A council is planning to fight back against plastic waste by recycling plastic bottles into local roads.
Enfield Council, which is controlled by Labour, have already resurfaced one road with a mixture of plastic and asphalt, and are planning on paving the way by using the mix on all of their streets.
The substance is tougher than normal and more durable than the standard, so in theory it should also reduce the number of annoying potholes.
Transport for London have given the council the funding to go on with their plans, which is aiming to fight the environmental impact of plastic waste.
Monitoring of the road has shown that the asphalt/plastic mix is performing well and is proving to be a long-term, durable solution for road resurfacing.
Enfield Council’s Cabinet Member for Environment, Councillor Daniel Anderson, said:
We all know that plastics can have a devastating impact on the environment, particularly when the product reaches our seas and oceans.
We all have a responsibility to step up our efforts to help the environment by recycling more, up-cycling and responsibly sourcing materials.
Enfield Council is delighted with this road trial and hope we can use more of the product across the borough to help divert plastics from landfill and reduce the carbon footprint for road construction.
It is currently estimated by Ocean Watch that there are 140 million tonnes of plastic in the world’s seas and oceans.
Over the past 50 years the production and disposal of plastics has rapidly multiplied, with less than a third of Europe’s plastic waste being recycled and the rest ending up in landfill in 2014.
There is a concerted effort away from using plastic, however, including a potential change in the law against plastic straws.
This action is in response to environmental concerns, with The Marine Conservation Society estimating the UK gets through an enormous 8.5 billion straws each year.
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Plastic straws are among the top ten offending waste items found during beach clean-ups; having extremely harmful effects for wildlife who accidentally ingest them.
Plastic straws reportedly take more than two centuries to disintegrate, according to campaign group Refuse The Straw.
Secretary of State for Environment, Michael Gove, spoke with The Telegraph about the environmental impact of plastic straws, brought into focus following the nationwide 5p plastic bag charge.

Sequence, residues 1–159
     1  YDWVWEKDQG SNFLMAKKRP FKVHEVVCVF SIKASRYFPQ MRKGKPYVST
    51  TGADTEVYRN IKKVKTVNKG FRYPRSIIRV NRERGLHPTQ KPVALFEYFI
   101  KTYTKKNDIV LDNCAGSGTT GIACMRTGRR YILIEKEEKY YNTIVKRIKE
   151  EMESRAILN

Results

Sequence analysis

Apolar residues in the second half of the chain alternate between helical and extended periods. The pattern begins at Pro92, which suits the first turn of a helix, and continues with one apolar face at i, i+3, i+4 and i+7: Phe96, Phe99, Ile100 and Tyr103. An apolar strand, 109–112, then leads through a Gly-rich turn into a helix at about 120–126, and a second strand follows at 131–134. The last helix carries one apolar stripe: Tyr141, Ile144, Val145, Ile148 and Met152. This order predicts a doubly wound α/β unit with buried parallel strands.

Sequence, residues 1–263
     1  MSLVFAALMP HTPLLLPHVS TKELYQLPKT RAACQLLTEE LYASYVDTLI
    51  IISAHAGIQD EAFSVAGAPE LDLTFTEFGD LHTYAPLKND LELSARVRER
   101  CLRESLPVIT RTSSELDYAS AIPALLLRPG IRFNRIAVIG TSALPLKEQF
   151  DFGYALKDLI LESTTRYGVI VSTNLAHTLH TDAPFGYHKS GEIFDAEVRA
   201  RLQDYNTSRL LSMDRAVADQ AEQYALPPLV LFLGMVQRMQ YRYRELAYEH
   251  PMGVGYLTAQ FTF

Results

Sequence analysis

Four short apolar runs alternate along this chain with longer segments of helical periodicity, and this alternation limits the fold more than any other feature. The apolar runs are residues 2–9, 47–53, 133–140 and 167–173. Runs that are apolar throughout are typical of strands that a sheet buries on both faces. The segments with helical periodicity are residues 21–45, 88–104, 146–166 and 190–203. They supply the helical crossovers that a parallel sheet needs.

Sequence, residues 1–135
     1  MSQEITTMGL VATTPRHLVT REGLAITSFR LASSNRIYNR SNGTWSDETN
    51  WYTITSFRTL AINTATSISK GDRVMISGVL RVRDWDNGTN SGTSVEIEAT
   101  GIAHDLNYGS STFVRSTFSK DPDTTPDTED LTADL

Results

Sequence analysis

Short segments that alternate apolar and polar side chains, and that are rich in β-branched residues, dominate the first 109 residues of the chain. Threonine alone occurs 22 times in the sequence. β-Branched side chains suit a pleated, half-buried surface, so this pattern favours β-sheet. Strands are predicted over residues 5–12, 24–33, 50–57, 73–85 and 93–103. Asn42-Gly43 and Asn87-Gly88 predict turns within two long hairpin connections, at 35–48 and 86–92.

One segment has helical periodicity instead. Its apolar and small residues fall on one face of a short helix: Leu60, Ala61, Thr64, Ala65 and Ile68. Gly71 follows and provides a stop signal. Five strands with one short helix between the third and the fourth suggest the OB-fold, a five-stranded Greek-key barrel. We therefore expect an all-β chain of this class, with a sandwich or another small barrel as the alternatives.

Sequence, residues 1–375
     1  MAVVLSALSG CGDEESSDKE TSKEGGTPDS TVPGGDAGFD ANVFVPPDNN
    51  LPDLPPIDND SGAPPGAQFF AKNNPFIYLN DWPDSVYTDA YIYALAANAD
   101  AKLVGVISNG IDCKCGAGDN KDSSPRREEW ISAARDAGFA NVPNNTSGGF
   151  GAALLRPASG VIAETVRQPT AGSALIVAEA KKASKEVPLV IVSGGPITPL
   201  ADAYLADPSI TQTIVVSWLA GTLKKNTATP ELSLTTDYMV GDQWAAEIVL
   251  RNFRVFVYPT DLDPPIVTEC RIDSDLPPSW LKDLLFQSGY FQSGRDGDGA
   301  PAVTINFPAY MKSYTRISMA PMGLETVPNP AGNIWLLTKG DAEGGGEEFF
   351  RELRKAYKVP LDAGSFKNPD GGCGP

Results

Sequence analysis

If you don’t need it, don’t use it – it's great to hear the Government is considering a ban on single-use plastic straws in bars, pubs & restaurants in the UK ? #PromiseForThePlanet pic.twitter.com/rypv4NXS9a
— WWF UK (@wwf_uk) February 23, 2018
When asked whether he would consider banning straws after the UK leaves the European Union, Gove stated ‘Watch this space.’
Gove continued to discuss his opinion on how banning straws could prove easier after Brexit:
If it is bad, then banning it is a good thing. But we have to take a balanced approach towards the EU.
There are some good things about the EU but one of the things about being inside the EU is that there are some steps that we might to take environmentally but can’t yet.
Disappointing to see that @IKEAUK are still selling #plasticstraws in bulk, when there is so much evidence of how damaging they are, particularly to marine environments. This doesn’t stack up v well with their “env credentials” and will only drive demand! #plasticfree ? pic.twitter.com/mULJw2wZzj
— Amy Ritchie (@aammyyr) February 18, 2018
In January 2018, Prime Minister Theresa May spoke of her desire to eliminate all avoidable plastic waste in the UK within a period of 25-years, announcing government funding for innovation in plastics.
May described plastic waste as being ‘one of the great environmental scourges of our time,’ noting, ‘In the UK alone, the amount of single-use plastic wasted every year would fill 1,000 Royal Albert Halls.’
Hopefully, with the new changes in plastic use, the problem won’t persist for too much longer.